Original text for this site:

"JFK slept here! And before he did, it was a vaguely Tudoresque structure; just by entering the lobby JFK transformed it all into a sleek technocratic International style building. And lipstick the color of Marylin’s shade instantly appeared on the bathroom towels.

"Just kidding. It could have happened, but probably didn’t. The Executive is a beaut in any case, and while it’s been remodeled somewhat, you can still see its old sleek style in the modern version."

Or rather you could. It went down in 2009. A recollection is here:

Those who knew the Executive Motor Hotel in its 1960s heyday still remember it. For many Richmonders the unabashedly giddy modernism provided a first, and perhaps fleeting, glimpse of Jetsonesque architecture. Both inside and out, the sprawling complex signaled the future.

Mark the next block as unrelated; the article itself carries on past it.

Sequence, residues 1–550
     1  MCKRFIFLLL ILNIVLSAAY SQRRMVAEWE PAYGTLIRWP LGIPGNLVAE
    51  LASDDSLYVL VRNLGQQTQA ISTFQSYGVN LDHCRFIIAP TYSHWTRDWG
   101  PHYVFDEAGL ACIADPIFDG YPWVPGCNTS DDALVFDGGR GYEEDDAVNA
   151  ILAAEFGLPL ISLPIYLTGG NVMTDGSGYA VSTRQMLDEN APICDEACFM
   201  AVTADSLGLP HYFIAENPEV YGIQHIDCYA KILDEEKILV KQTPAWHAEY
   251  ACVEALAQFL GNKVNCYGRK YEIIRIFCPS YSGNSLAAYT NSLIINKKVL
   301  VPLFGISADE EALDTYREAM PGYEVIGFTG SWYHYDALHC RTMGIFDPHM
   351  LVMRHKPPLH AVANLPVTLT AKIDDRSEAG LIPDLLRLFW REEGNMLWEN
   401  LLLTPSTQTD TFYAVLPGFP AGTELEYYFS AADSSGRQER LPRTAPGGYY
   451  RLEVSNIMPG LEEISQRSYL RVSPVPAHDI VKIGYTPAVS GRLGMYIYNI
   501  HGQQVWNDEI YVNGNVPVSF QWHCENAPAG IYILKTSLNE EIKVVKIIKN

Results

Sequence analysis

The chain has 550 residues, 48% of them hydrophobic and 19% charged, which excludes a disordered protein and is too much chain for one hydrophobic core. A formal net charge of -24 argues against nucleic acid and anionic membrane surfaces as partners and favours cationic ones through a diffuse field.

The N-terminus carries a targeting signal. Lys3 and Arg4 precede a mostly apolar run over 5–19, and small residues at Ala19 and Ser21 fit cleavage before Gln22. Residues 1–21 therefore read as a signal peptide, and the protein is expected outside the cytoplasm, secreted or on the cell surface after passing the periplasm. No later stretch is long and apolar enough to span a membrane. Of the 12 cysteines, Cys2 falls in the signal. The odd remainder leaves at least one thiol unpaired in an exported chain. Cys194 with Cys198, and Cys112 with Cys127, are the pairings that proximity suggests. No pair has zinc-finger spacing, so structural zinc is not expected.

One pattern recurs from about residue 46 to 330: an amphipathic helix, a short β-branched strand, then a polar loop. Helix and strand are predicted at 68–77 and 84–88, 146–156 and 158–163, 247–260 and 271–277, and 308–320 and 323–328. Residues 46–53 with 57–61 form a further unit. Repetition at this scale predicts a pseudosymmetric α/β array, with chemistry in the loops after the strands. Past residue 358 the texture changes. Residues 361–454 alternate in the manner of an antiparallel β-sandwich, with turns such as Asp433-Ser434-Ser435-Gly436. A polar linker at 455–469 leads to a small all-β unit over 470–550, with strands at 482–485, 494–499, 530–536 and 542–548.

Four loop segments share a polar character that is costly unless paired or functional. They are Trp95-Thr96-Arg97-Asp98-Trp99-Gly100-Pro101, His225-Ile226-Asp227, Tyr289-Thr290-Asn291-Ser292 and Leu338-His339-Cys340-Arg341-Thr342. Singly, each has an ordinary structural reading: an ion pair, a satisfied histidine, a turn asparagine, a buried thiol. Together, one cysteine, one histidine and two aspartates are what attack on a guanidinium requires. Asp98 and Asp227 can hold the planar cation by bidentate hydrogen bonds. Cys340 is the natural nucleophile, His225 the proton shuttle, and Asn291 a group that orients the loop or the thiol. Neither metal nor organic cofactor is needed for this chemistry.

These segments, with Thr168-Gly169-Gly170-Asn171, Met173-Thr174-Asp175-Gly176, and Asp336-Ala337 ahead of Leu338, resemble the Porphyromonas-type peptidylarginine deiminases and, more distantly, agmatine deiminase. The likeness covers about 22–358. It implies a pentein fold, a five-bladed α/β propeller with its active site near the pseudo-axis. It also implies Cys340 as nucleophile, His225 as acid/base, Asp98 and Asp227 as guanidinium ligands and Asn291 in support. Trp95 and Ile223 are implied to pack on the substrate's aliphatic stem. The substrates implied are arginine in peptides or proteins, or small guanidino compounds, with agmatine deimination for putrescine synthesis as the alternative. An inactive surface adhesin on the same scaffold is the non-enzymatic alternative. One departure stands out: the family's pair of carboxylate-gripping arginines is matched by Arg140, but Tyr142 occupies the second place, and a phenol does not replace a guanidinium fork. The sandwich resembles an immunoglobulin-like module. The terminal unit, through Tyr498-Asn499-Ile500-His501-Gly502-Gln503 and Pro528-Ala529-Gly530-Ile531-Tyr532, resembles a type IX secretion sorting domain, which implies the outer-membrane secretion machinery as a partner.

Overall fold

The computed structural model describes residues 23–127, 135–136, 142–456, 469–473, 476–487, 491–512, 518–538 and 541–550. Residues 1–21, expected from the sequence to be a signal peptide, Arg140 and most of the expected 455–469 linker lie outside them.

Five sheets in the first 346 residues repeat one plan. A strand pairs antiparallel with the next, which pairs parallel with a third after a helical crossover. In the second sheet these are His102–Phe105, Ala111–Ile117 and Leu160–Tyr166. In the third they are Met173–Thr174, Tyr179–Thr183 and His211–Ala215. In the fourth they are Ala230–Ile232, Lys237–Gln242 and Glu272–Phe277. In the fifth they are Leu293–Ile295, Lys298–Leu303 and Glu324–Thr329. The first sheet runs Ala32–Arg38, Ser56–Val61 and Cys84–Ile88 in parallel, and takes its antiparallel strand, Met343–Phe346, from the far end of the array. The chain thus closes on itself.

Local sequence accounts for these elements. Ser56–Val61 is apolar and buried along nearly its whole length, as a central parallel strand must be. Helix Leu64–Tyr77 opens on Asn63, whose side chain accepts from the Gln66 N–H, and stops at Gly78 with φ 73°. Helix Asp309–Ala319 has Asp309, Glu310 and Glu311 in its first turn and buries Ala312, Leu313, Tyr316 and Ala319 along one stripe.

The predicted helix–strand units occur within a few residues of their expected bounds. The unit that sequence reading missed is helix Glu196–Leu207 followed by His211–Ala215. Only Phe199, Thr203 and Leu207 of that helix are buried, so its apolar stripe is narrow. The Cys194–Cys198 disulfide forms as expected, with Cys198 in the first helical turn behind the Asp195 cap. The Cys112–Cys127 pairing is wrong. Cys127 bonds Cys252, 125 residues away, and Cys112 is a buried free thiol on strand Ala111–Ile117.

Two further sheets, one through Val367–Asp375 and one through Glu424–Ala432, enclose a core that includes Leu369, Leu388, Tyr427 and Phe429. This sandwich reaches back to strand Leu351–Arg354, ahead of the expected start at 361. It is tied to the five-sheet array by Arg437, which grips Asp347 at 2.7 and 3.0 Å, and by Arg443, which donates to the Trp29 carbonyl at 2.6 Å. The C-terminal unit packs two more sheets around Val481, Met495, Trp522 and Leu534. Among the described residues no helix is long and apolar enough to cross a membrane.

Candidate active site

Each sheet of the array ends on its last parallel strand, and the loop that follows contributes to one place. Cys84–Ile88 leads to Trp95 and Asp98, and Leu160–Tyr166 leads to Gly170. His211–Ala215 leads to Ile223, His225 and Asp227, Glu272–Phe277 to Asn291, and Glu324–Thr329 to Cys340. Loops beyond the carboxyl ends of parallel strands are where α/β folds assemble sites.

I hate reading stories like that. It's as if there was an optimism inherent in the designs of these structures that required others to believe as well, and when we stopped the buildings sagged and rusted. The stories are usually written from the perspective of an adult recalling childhood wonder, and I've a few of those myself. You'd go into one of those coffee shops or motel lobbies and think the future is going to be wonderful and the present's pretty cool. If kids growing up in the 70s thought that, they might have defined it as "more neat space movies and maybe computers." For us it was a completely different way of living - atomic, technological, push-button, and smart.

The future was going to be a smart place to live.